Volunteering to save lives: A photo essay

By Beck Diefenbach

A 911 call is made as smoke begins to billow out of the Taxpayer Building. A siren blasts in tandem with flashing lights as the enormous diesel powered Engine 61 roars up to the corner of Amber Street and Circle Drive.

Immediately three crew members of the Carroll Fire department jump down from the truck and begin to don their self-contained breathing apparatus and protective gear. With fire hose in tow, two of the volunteer firefighters climb a ladder to a second floor window, and enter the building. To protect themselves while extinguishing the flames, these two brave firefighters must hug the ground as they crawl through the burning building searching for any sign of life. This may have just been a training session, but the Carroll Fire Department takes all calls just as seriously.

“I wouldn’t do anything else right now,” said J.D. Liggett, a volunteer firefighter with the Carroll Fire Department at 1811 North Brownfield Road in Urbana, and a junior in Aviation at the University.

These training sessions are meant as a refresher and take place at the Illinois Fire Service Institute at 11 Gerty Drive in Champaign with mock buildings, high rises, trains and cars. Liggett says the training attempts to prepare firefighters for any condition possible from how to get the gear on to strategic tactics on fire suppression.

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The Carroll Fire Department is different than that of the traditional fire department. First of all, this fire crew is comprised entirely of volunteers. These 21 men and women make an incredible obligation to the community while holding a full life outside of the fire department. These firefighters must juggle between careers, family lives, and their responsibility to fire safety. Six volunteers are even students either at the University or Parkland College.

“Sometimes the call comes at the worst time, like if I have an exam. But I have my obligations, school comes first,” said Liggett on life as a student as well as a firefighter.

This band of volunteers makes for a very unique atmosphere, one not expected from a fire department. The family-like attitude of this brotherhood stems outside of the fire house and burning buildings. Their recognizable yellow fire-trucks, a tradition for the Carroll Fire Department, can be seen driving down Green Street to stop for some late night snacks. On occasion the Carroll Fire Department can be found getting ice cream from Cold Stone Creamery, 505 E. Green St., on their way back from the training facility.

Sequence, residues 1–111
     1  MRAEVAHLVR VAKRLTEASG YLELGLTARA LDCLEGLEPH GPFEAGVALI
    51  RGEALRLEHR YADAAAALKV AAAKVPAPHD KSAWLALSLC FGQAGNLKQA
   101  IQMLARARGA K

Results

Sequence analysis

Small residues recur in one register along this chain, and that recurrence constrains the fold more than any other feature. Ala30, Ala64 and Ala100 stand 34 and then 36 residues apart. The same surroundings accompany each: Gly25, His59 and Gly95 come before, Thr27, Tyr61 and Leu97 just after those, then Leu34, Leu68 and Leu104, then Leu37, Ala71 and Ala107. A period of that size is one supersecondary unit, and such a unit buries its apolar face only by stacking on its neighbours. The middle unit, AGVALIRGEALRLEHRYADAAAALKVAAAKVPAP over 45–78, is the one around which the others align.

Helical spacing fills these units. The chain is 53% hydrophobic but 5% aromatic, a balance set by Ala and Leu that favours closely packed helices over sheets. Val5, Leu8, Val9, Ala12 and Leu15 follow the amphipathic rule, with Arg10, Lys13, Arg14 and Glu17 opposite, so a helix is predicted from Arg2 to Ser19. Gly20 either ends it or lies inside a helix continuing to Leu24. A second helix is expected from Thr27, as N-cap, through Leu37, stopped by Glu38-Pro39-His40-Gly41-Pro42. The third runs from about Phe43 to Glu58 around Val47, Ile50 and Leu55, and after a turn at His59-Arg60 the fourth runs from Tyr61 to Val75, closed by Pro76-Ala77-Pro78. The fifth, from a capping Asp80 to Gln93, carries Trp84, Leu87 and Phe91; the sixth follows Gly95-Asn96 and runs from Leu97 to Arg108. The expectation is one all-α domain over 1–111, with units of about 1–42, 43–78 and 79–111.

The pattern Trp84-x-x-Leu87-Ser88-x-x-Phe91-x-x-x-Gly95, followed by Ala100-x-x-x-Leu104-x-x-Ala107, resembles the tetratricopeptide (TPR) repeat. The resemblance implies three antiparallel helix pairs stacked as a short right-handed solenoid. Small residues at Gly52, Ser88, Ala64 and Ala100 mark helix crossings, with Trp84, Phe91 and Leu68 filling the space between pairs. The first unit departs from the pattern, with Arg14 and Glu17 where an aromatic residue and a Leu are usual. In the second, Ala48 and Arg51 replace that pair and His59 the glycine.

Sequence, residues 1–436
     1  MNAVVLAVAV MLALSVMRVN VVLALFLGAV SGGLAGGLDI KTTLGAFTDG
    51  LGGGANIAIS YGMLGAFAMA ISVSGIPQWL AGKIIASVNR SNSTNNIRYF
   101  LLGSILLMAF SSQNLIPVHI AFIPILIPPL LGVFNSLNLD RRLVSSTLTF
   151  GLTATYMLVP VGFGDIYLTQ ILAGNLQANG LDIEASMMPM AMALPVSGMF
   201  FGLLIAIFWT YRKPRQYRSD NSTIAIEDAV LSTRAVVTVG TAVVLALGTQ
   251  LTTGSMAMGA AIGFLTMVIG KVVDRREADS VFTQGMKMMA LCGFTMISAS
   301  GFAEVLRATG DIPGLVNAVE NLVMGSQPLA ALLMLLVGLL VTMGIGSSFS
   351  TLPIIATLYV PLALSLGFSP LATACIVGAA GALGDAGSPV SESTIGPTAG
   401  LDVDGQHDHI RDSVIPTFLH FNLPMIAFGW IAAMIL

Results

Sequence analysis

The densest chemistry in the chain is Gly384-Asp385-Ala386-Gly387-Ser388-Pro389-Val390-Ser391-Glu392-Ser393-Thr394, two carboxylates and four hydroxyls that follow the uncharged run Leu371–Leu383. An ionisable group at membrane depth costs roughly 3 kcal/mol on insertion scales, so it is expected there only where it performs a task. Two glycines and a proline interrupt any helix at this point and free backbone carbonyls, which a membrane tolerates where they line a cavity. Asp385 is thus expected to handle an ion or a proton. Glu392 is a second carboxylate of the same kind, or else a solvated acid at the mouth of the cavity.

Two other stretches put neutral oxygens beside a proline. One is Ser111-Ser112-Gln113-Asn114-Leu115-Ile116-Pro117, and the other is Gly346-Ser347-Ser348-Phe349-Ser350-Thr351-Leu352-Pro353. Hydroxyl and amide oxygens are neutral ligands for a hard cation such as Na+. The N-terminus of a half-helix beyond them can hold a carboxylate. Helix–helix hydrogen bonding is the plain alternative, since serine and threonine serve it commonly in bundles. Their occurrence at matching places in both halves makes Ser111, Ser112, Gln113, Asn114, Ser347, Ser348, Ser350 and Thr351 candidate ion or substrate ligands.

“The people here are my dads and brothers,” said Kristine Jennings, senior in Biology on the family that is the Carroll Fire Department.

Despite the casual attitude off the truck, when is comes to fire safety, this department gets serious.

In live fire training scenarios, with anything possible from equipment malfunctions to smoke inhalation, the men and women of the Carroll Fire Department need to work fluidly if they hope to finish the job safely.

“You have got to trust each other because of the business we are in,” Liggett said.

These dangerous training sessions can sometimes become too real. With the rise of ‘struck by’s’ – when a service personnel is hit by on-coming traffic – the element of danger is always looming over a firefighters head.

“With lane closures we can protect the crew and the scene. We really try to promote safe working conditions, especially on highways,” said Carroll Fire Department Chief Steve Thuney.

Episodes like this are rare, but when they do occur they require immediate action. The regular refresher training reinforces the extensive skill and knowledge involved in being a firefighter. If it were not for the commitment made by these volunteer firefighters, Urbana and the surrounding community would be without the necessary safety provided by the Carroll Fire Department.

Along with the dangers and risks involved with fire suppression, comes a great sense of honor. To be apart of the community as a citizen, a father, a daughter, or a student is one honor, but to volunteer to protect your community, like the Carroll Fire Department does, gives a great sense of pride unsurpassed.

“We do it because we love it. It’s not about the pay, because there is none,” said Fire Chief Thuney on why he volunteers.